Like This:

post-45-1143162024.jpg?width=400

This is me, adding this image, of me adding this image, into LAVA (can you say recursive :P )

Then you'll get the option to add it into your post

Like this:

post-45-1143162256.jpg?width=400

Select Add into Post, and voila !

That'll be 5 cents please ...

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C'mon Pete - I know that you've got a plethora of more keyboard shortcuts ;) Have you ever thought of putting them all into a new thread?

Nah, 'cause all of the shortcuts are listed in the LV help file in one place anyway. Just type in "keyboard shortcuts" for the index keywords.

regards

Peter

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This is something I found out by accident. Probably old news to most.

If you wire where an existing path already exists, your new wire path takes the place of the old one. Normally I would delete and rewire, or select and nudge, or right click and 'Clean Up Wire'.

Here is the image then. Thanks for your help!

post-1519-1143480931.gif?width=400

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  • 1 month later...
  • 1 month later...

You can change the color of a block diagram, sequence structure, case structure etc

Select the color you want the front panel first then Press CTRL E to bring up the block diagram

The tool is available for a color change at least once on any structure you wish.

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You can change the color of a block diagram, sequence structure, case structure etc

Select the color you want the front panel first then Press CTRL E to bring up the block diagram

The tool is available for a color change at least once on any structure you wish.

You can also use Shift Right-Click to bring up the tool pallete. From there you can select any mouse tool, including painting.

This is also useful on the Front Panel, when you need to get the wiring tool back for placing controls in the connector pane.

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Hold the CTRL-key down when you have the painting tool selected and it changes to the get color tool.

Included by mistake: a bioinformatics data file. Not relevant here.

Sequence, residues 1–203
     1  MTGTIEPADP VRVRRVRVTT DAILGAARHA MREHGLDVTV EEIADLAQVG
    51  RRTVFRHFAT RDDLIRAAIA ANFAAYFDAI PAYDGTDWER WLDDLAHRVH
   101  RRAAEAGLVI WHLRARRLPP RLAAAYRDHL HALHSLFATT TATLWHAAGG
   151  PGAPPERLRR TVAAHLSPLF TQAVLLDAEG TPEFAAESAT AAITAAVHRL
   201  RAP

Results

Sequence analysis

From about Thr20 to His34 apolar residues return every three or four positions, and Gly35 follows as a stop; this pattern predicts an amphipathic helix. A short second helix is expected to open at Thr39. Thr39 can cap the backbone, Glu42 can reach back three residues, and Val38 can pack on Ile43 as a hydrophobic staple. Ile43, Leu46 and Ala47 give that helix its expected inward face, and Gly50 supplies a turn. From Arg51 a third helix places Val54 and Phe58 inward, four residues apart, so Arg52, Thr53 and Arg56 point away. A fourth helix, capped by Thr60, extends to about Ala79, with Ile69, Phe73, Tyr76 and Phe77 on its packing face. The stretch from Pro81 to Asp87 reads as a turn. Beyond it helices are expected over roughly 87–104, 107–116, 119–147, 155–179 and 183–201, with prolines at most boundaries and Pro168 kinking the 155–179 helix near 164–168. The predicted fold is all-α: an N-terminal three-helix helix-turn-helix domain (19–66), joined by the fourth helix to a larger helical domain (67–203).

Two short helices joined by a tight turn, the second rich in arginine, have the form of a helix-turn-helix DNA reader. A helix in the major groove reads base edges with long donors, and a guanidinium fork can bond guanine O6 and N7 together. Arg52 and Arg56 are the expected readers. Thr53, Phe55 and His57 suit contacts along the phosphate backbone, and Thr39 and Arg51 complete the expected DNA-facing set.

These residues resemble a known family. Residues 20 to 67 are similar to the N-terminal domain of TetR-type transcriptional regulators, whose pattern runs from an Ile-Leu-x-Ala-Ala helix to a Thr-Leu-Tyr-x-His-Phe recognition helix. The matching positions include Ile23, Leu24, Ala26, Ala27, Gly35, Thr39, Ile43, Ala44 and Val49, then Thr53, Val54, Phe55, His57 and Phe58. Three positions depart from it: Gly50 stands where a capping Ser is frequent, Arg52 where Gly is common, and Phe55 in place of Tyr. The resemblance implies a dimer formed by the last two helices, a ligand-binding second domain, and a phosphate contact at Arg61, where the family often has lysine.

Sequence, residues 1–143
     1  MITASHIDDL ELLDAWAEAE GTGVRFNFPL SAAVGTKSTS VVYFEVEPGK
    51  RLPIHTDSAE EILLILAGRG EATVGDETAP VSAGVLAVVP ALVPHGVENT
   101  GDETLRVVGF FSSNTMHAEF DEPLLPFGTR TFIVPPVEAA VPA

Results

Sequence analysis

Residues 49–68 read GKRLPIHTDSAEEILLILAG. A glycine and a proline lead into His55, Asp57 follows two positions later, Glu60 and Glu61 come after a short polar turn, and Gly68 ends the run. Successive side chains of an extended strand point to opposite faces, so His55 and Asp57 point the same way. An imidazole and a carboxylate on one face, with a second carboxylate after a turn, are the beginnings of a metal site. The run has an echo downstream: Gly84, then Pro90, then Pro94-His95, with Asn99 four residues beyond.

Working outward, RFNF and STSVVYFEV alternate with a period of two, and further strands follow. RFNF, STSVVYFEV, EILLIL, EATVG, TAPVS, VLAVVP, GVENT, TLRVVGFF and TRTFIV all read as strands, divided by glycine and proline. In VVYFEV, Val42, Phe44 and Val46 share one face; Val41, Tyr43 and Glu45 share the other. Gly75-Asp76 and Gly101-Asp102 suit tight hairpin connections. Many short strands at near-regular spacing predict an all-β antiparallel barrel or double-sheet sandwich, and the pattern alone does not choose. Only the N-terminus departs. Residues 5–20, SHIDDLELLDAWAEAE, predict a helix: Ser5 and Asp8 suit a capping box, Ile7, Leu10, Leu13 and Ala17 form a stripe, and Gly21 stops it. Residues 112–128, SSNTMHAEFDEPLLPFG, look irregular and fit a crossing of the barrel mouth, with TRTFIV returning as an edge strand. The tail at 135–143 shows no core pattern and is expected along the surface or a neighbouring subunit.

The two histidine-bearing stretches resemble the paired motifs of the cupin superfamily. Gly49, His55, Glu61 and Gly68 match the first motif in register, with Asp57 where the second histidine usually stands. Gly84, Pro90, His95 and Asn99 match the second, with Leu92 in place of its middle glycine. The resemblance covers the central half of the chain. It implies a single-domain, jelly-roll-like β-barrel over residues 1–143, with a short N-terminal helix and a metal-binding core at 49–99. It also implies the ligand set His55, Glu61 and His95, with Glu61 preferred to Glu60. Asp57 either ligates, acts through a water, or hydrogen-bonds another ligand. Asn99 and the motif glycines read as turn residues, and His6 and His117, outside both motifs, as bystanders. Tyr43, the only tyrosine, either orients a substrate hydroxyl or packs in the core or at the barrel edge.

Good when you are matching colors in different controls or indicators.

Hold the CTRL key down, click on the object you want to match in color, release the CTRL key and click on the object you want to color.

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You can change the color of a block diagram, sequence structure, case structure etc.

Some purists might complain about colors on the BD, but I do sometimes use an alternating light grey background in heavily nested for or while loops. I also sometimes use a yellow background in a loop or case to remind me of critical points in the code, or cases that should not occur.

The other thing I've started doing (artistic license only) is to label my loops, change the background and forground of the label to the dark grey of the loop, Move the label into the inside upper left and use a font that is bold and white. I just like how it looks :)

post-949-1151059890.jpg?width=400

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The other thing I've started doing is to label my loops, change the background and forground of the label to the dark grey of the loop, Move the label into the inside upper left and use a font that is bold and white.

One of my colleagues did that for a cRIO program he did a few years ago - when I saw his code I thought it was actually a special FPGA loop that indicated prioririews or such (I hadn't done any FPGA at that stage :D ) - now I use the same technique all the time. I think labelling loops is important to help initiate those who aren't familiar with your coding style and the architectures you use.

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I think labelling loops is important to help initiate those who aren't familiar with your coding style and the architectures you use.

I also like to label my For Loops using a For Each syntax that reflects the array elements that I am iterating over. For example:

For Each Device

For Each Config Section

For Each Config Key

For Each File

This allows one to quickly understand the intent of the loop. I sometimes take it a step further and describe the work that is done inside the For Loop, such as:

For Each Device: Initialize Device

For Each Config Section: Get Key Names

For Each Config Key: Read Key Value

For Each File: Get File Date and Delete if Old

If there is more work than can be describe in a single statement, I make sure to comment each block of work inside the For Loop.

The same sort of thing can be done for While Loops. For example:

While TCP connection is valid: Read TCP Data

While No EOF Detected: Read Line from File

Cheers,